Anonymous said...

Anon 6:03,

I think you are assuming that the administrators' and their mouthpieces actually believe their own bloviation. We might respond that we're trying to keep them from driving the bus off the cliff, but this isn't about progress, transformational change, or other administrative bullshit. It's about who runs the university. And for now, Jake and his cronies hold all the cards.

Yr humble and obt

John Dickinson.

Anonymous said...

I hear rumors of lawsuits and other remediations. The new staff of the Independent Collegian doesn't report on these matters anymore. The Blade is in the pocket of the president. And ASC Forum blog is silent. Would you guys mind helping those of us not in the know to figure out what's going on right now?

Anonymous said...

Dear Mr. Dickenson,

I would hope that your farm on the banks of the Delaware is in much better shape than the state of this institution, from antiquity according to some.

You wrote some time ago that “To divide, and thus destroy, is the first political maxim in attacking those who are powerful by their union.” You were quite right in stating those words. And so we find this institution besieged by a powerful appointee serving powerful appointees acting in the name of the Governor and the State of Ohio.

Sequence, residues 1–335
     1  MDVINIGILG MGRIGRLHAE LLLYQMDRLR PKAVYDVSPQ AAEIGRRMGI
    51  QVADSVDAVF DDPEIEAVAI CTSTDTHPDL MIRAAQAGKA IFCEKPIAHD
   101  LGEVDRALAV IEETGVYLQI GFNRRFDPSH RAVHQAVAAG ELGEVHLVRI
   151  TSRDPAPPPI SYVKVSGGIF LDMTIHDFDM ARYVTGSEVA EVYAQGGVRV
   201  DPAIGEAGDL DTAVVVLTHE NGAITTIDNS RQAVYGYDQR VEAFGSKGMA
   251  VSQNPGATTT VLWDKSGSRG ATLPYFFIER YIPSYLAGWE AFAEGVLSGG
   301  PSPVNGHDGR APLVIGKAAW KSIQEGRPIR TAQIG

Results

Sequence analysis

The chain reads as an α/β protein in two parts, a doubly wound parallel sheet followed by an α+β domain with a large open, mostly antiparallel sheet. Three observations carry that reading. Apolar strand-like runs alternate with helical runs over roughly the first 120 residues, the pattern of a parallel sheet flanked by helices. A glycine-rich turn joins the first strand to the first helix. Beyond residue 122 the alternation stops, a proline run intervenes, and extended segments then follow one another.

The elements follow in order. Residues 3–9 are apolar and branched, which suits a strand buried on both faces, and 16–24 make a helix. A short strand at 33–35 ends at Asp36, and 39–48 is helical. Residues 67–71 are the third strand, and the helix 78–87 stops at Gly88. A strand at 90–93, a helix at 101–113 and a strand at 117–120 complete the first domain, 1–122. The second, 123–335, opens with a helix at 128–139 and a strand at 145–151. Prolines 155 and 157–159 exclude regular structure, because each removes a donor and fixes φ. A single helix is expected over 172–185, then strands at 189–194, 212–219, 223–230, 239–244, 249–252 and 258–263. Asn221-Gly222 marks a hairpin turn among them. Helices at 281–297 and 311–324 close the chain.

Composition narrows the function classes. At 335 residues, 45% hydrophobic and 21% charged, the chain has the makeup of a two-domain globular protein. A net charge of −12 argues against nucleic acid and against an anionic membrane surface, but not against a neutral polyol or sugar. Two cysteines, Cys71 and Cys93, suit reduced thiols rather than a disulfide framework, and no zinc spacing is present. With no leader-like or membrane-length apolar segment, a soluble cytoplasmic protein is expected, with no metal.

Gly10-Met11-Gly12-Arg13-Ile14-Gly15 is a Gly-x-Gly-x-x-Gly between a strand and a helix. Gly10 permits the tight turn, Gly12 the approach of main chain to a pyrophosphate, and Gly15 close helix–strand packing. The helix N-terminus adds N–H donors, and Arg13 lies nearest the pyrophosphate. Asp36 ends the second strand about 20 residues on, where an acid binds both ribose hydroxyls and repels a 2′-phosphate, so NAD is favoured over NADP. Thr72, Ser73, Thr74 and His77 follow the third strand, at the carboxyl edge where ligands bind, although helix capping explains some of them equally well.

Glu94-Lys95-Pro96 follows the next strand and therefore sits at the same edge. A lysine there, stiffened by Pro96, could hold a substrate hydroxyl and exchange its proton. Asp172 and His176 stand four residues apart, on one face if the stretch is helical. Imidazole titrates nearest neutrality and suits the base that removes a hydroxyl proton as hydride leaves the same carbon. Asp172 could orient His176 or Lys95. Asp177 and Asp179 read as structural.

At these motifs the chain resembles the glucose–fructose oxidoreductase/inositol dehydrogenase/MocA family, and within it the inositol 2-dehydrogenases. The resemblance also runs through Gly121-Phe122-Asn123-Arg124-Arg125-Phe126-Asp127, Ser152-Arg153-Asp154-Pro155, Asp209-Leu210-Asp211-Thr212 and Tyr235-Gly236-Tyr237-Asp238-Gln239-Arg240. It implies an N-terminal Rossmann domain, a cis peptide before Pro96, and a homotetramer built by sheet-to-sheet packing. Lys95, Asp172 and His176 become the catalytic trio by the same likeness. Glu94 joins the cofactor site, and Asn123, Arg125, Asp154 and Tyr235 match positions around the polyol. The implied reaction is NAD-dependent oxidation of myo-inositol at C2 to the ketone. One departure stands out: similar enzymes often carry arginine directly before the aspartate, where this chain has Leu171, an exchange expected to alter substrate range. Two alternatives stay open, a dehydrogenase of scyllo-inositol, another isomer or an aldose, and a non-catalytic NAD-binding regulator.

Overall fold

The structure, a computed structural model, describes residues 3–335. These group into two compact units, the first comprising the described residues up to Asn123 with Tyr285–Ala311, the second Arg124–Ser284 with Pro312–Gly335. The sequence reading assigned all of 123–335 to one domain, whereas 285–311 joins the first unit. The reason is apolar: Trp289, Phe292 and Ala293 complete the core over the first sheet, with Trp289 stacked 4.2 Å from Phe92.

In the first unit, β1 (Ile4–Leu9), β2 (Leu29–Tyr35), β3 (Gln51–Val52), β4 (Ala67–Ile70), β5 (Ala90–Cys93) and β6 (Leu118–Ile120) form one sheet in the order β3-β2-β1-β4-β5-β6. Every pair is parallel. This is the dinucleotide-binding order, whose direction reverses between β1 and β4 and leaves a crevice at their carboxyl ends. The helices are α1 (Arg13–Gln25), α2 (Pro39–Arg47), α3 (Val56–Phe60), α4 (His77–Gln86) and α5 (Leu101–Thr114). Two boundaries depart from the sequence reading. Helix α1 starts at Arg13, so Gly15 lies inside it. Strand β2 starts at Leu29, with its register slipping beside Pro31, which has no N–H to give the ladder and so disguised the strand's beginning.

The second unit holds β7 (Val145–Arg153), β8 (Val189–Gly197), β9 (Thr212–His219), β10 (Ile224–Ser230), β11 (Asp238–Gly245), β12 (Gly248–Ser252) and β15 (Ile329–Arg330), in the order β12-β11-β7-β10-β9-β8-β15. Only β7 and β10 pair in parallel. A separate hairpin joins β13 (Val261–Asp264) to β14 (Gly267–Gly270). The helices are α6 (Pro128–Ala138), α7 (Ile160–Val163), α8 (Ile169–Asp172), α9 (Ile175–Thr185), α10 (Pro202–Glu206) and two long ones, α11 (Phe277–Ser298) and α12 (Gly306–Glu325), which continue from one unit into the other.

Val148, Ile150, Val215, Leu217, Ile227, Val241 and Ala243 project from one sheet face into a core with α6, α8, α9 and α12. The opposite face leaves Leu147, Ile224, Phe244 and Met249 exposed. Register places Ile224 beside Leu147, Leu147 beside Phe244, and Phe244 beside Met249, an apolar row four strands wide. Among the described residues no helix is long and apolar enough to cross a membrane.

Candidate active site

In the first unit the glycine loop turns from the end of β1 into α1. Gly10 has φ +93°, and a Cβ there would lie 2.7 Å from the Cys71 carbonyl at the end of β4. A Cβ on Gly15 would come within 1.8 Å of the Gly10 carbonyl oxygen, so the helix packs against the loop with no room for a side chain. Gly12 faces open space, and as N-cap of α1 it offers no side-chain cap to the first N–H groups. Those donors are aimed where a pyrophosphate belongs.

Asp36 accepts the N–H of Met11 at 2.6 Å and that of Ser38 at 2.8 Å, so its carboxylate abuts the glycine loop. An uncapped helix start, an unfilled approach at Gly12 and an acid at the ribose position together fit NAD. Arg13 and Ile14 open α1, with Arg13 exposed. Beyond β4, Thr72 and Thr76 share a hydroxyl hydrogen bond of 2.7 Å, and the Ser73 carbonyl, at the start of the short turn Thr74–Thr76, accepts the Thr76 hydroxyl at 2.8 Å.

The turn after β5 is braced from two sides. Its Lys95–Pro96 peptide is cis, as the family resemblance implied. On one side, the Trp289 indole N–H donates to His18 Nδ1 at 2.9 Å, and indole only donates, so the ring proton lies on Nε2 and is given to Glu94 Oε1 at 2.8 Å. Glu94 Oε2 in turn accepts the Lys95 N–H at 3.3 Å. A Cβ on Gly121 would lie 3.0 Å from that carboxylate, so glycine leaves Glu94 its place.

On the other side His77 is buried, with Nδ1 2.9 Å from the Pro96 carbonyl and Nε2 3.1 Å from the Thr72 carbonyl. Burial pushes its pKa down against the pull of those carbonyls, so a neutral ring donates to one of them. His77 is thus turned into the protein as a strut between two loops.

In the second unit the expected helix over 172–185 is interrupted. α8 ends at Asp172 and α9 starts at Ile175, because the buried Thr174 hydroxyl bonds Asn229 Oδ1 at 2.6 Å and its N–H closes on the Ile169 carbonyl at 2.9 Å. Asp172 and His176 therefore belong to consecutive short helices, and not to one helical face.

While I cannot be so elegant in stating the causes as you have done, I do agree with you that this seems to be about power and not efficiency. That the appointee was selected without the consent of the governed, that the governed should object, that the appointee should proclaim great efficiencies by radically changing a working structure despite the obvious imposition of more bureaucracy are shewen to be moot points by the actions that have progressed.

Instead, the actions that progressed shew great disregard for the governed as the appointee has ignored them in levying workloads, in imposing decisions and in his obdurate patronization that “faculty are most important at the University.” From what has transpired, we must uncontroversially conclude that appointee needs to to shew that he is all powerful to us poor souls. Thus, when an appointee takes such actions as we have here, as you have said, “we are the abject slaves, as France and Poland can shew in wooden shoes, and with uncombed hair.”

Again, I leave you with your words,

“Vox et praeterea nihil.”

Your humble and respectful,

Anonymous said...

This blog has gotten boring and increasingly self-indulgent.

Where's the conflict? What about the Jacob's comment in The Chronicle. Oddly, most responses are supportive...hmmm.

Ishi said...

"It's your job as President to find ways of solving problems that do not require the amputation of healthy limbs."

This memorable quote invoking the metaphor of surgery is from the following eloquent critique of another despotic public university president's mismanagement of his liberal arts curriculum: